The magic of the cup eh? Tin foil cups, sloping pitches, electricians playing full back and always the possibility of a shock result. Except that, by and large, that magic is being devalued by the second. Not having the Final as the one 3pm Saturday kick off you can watch live on telly saddens me as much as the continued existence of Big Brother. Cup ties on a Monday (like our game against Hull was last season – twice) and the fact that big sides always play their reserves are other nails in a fairly hefty coffin. Attendances, on the whole, are dwindling. The one exception is for those clubs lucky enough to land a plum tie against Premier League big boys at home. Like, say, Arsenal.
So it was that over 30,000 tickets were sold for the Amex yesterday and most of their owners turned up for once. Our usual group of me and another dad with our boys was augmented by a friend from up the road with his soon-to-be-five year old and another of The Boy’s mates with his mum and granddad. From young to old we squeezed ourselves on a train early enough to make the journey relatively painless. On the train from Brighton we met some old school Arsenal fans who “only did aways”. One of them was, apparently, bad luck. The other hated Wenger. With three shock results already over the previous two days and now this. the omens were lining up all right. We were bound to lose.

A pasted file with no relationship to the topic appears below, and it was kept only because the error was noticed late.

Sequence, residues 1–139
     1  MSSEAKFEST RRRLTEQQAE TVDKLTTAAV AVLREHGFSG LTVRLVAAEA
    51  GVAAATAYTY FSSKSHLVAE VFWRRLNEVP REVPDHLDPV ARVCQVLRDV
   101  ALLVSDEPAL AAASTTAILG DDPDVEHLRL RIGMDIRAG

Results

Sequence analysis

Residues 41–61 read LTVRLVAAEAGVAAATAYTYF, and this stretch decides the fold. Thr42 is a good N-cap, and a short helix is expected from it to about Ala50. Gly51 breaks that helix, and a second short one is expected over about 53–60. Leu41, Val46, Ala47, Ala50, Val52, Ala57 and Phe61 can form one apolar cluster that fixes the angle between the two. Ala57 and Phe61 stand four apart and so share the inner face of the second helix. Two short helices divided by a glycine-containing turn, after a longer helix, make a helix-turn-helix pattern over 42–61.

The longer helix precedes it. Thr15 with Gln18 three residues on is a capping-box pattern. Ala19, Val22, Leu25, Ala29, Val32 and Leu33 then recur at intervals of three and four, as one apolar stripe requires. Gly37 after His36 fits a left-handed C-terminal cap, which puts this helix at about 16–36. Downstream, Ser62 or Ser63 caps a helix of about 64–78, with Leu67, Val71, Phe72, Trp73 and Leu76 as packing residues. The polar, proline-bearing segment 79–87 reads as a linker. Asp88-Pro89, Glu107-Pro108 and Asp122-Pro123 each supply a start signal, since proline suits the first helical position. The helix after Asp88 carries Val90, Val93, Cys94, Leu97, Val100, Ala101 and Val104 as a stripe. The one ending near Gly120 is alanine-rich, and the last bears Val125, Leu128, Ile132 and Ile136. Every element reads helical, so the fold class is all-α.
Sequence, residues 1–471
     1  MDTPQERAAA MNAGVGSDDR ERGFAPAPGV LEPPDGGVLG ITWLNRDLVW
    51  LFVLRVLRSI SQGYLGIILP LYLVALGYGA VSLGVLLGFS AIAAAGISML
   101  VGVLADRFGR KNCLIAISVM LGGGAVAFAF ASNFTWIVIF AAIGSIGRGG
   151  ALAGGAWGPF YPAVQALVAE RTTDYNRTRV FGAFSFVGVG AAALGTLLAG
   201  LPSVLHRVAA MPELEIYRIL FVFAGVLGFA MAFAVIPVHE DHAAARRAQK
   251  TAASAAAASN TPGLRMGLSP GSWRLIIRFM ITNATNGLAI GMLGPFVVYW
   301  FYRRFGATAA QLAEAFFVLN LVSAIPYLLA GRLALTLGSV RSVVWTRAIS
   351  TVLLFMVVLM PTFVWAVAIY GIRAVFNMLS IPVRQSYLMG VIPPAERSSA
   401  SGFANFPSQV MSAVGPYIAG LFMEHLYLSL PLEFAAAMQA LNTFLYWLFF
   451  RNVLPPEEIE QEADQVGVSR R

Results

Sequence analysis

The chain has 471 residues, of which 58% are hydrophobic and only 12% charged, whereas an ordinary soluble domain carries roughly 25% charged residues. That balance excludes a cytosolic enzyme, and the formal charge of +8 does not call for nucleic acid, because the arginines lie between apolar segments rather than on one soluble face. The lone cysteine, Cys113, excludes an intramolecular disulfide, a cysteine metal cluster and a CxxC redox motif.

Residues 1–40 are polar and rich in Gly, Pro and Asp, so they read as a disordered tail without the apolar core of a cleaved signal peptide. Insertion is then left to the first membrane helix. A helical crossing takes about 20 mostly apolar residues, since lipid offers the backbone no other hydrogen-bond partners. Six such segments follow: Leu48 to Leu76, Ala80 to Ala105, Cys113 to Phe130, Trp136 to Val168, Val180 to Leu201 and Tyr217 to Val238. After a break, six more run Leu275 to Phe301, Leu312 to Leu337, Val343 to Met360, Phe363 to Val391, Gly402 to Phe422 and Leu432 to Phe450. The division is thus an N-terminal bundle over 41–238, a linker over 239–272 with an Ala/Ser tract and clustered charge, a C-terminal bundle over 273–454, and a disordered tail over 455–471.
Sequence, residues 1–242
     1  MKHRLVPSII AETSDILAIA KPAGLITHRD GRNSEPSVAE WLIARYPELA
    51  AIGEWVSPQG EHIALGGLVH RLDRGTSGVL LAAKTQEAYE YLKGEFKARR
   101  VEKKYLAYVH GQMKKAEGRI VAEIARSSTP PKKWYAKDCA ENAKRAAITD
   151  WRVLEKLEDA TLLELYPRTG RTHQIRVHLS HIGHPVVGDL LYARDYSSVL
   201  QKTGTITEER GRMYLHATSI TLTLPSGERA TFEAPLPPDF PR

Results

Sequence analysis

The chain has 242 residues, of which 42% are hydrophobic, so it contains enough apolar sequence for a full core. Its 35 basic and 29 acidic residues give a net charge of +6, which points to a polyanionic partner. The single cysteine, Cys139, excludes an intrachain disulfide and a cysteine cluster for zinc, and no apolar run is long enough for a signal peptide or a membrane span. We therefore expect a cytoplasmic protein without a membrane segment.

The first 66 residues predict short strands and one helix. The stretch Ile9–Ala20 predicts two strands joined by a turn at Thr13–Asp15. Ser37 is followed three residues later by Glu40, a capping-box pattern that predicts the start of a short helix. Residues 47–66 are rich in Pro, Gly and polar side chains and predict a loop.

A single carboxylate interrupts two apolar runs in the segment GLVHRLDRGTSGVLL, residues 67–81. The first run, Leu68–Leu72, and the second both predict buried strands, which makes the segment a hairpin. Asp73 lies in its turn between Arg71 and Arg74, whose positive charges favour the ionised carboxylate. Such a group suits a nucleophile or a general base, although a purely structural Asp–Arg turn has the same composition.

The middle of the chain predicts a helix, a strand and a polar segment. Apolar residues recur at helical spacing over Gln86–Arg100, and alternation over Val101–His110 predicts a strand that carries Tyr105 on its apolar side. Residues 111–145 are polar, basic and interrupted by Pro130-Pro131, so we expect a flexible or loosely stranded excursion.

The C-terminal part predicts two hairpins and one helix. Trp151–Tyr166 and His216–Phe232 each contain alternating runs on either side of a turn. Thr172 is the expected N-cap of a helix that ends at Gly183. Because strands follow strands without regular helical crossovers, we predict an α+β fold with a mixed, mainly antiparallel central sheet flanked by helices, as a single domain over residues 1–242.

Beers bought for the adults, sweets and drinks distributed among children we took our seats fifteen minutes before kick off to see, not an empty stadium but one that had already pretty much filled. In these circumstances Fanzone is, indeed, a useful warm up for voices and scarf twirling arms. In these circumstances finding a version of “Ring of Fire” that is just the trumpet riff on a loop is genius. In these circumstances dropping the last bars of “Sussex By The Sea” to let the fans take over is entirely right. The stadium was buzzing. Songs fizzed from North to West. Flags waved. Scarves twirled. It built like an enormous bubble. Within two minutes of the start Arsenal had popped it.